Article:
Question of the Day ~ 25th November, 2014 ~ HERITAGE

How many generations has your family been in the land you call home?

How to define family?
How to define home?

If we start the definition of life with replicating nucleic acid molecules then the numbers are interesting.

It seems likely it took about a thousand billion generations of RNA molecules to generate the first cellular life.

It seems likely that it took about half that many generations of cellular life to get to the stage of self replication (no longer reliant on the heating and cooling or agitation supplied by the external world to complete a generation).

It seems likely that it took a similar number of generations to get from the first self replicating cell to the first multicelled organism with sexual reproduction.

To get from there to human beings was just a hundred million generations.

To get from the first human to the most recent common ancestor of all of us just 400 thousand generations.

To get from that most recent common ancestor in Africa to every human alive today – just 4 thousand generations.

So for me, about 2 and a half trillion generations from inorganic chemistry to me and all other life alive on this planet I call home today.

[followed by]


Really good question.
And no its not just an artefact, evolution really has sped up due to several innovations.

First and most important was sexual reproduction.
Sexual reproduction allows innovations in different cell lines to recombine with each other.
This alone increases the rate of evolution by many thousands of times.

Another mechanism that has increased the rate of evolution is the evolution of mechanisms to increase the rate of mutation in selected areas of the genome.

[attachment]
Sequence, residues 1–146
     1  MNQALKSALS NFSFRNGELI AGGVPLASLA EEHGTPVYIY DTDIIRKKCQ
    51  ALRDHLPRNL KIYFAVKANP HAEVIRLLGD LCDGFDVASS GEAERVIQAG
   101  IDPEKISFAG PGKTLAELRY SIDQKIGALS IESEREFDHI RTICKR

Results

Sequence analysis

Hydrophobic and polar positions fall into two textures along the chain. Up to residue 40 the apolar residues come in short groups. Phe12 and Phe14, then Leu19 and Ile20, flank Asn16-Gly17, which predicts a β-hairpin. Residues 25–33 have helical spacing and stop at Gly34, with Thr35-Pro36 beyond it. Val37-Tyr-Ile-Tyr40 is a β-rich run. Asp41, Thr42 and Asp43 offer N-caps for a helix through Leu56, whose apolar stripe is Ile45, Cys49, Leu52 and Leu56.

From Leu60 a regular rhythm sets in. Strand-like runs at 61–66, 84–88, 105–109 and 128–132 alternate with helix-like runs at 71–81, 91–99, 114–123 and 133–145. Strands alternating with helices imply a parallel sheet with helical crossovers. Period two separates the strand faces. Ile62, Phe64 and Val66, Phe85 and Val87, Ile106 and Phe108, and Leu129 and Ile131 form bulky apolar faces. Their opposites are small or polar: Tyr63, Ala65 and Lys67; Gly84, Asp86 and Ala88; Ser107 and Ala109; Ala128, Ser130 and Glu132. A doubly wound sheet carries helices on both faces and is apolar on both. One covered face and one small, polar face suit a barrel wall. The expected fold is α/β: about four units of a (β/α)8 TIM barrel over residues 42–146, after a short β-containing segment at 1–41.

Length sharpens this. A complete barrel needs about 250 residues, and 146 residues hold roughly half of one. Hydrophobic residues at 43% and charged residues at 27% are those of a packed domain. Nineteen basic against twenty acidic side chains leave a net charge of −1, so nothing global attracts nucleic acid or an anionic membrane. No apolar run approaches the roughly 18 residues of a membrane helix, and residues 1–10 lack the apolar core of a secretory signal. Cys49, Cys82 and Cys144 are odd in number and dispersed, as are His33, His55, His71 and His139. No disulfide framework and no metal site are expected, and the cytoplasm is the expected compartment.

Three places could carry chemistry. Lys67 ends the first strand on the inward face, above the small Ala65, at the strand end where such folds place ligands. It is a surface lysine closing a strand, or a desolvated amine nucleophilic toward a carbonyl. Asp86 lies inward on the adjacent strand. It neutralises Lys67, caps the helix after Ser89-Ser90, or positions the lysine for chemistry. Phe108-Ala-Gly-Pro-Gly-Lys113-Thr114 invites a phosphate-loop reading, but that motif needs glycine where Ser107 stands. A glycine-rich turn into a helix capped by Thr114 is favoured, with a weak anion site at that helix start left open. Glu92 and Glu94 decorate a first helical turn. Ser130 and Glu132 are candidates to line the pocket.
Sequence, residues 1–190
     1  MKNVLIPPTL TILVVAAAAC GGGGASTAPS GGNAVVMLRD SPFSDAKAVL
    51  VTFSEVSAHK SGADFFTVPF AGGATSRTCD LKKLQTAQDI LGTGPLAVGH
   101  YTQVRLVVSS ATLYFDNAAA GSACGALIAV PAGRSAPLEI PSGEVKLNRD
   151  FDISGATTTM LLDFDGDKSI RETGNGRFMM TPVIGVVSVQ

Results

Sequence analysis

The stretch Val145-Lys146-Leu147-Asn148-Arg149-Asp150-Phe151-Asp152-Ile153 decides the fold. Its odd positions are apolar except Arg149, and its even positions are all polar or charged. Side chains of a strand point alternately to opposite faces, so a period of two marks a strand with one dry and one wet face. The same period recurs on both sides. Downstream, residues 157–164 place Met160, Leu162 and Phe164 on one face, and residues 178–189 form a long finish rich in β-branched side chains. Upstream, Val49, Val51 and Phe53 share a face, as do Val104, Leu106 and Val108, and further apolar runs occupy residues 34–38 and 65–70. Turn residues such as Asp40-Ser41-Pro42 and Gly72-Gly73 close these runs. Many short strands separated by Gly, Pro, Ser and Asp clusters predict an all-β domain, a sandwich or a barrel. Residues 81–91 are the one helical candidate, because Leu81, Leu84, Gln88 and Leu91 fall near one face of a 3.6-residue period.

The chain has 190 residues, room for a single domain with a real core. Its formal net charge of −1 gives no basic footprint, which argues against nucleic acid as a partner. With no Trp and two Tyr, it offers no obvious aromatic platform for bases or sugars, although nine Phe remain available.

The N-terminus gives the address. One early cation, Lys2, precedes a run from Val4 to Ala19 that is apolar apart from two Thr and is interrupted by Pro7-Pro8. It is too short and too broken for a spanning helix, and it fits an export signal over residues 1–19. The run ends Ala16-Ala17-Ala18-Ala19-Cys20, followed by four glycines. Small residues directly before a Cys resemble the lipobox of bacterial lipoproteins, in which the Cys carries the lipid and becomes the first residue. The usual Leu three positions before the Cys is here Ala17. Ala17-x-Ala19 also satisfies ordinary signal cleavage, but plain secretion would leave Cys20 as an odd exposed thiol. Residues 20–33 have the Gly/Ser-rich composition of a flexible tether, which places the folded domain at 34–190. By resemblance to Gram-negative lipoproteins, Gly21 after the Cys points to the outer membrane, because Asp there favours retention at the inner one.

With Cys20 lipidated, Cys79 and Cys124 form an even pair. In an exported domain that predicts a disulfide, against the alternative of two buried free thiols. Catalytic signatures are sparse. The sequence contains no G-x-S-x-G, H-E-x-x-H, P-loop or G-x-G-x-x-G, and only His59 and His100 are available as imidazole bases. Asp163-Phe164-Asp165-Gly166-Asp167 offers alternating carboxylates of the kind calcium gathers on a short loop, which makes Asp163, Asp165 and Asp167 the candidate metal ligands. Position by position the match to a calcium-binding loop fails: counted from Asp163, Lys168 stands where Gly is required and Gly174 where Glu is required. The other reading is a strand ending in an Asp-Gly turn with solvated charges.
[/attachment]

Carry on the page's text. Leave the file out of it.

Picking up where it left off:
Another mechanism that has increased the rate of evolution is the programmed death of individuals. Having individuals die after a reasonable period of reproduction significantly increase the rate of evolution, as it stops the drag of particularly powerful individuals remaining in the gene pool a very long time. This combination of aging and sexual reproduction has significantly increased the rate of evolution.

Once evolution jumped to the realm of ideas/behaviour (memes) then the game changed again, by many orders of magnitude, and with the aid of digital memory and communications, continues to increase exponentially.

About Ted Howard NZ

Seems like I might be a cancer survivor. Thinking about the systemic incentives within the world we find ourselves in, and how we might adjust them to provide an environment that supports everyone (no exceptions) - see www.tedhowardnz.com/money
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